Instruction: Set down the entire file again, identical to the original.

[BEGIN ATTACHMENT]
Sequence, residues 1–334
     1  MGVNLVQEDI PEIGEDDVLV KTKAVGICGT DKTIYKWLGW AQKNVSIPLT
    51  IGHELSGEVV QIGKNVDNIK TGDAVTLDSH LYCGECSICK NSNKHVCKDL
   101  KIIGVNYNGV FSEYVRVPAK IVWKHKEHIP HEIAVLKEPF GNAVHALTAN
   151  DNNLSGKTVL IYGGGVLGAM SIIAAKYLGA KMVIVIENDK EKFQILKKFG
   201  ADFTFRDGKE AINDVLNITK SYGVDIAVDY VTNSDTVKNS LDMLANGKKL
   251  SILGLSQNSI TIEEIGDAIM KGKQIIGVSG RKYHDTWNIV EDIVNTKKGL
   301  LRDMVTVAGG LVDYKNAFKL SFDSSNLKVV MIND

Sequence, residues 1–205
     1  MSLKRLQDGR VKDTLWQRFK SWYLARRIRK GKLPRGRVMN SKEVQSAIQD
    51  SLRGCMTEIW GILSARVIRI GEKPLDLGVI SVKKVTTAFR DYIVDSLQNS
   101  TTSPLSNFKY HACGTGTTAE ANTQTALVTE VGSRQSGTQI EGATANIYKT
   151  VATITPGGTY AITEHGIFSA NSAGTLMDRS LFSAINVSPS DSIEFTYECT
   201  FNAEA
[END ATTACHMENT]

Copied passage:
Sequence, residues 1–334
     1  MGVNLVQEDI PEIGEDDVLV KTKAVGICGT DKTIYKWLGW AQKNVSIPLT
    51  IGHELSGEVV QIGKNVDNIK TGDAVTLDSH LYCGECSICK NSNKHVCKDL
   101  KIIGVNYNGV FSEYVRVPAK IVWKHKEHIP HEIAVLKEPF GNAVHALTAN
   151  DNNLSGKTVL IYGGGVLGAM SIIAAKYLGA KMVIVIENDK EKFQILKKFG
   201  ADFTFRDGKE AINDVLNITK SYGVDIAVDY VTNSDTVKNS LDMLANGKKL
   251  SILGLSQNSI TIEEIGDAIM KGKQIIGVSG RKYHDTWNIV EDIVNTKKGL
   301  LRDMVTVAGG LVDYKNAFKL SFDSSNLKVV MIND

Sequence, residues 1–205
     1  MSLKRLQDGR VKDTLWQRFK SWYLARRIRK GKLPRGRVMN SKEVQSAIQD
    51  SLRGCMTEIW GILSARVIRI GEKPLDLGVI SVKKVTTAFR DYIVDSLQNS
   101  TTSPLSNFKY HACGTGTTAE ANTQTALVTE VGSRQSGTQI EGATANIYKT
   151  VATITPGGTY AITEHGIFSA NSAGTLMDRS LFSAINVSPS DSIEFTYECT
   201  FNAEA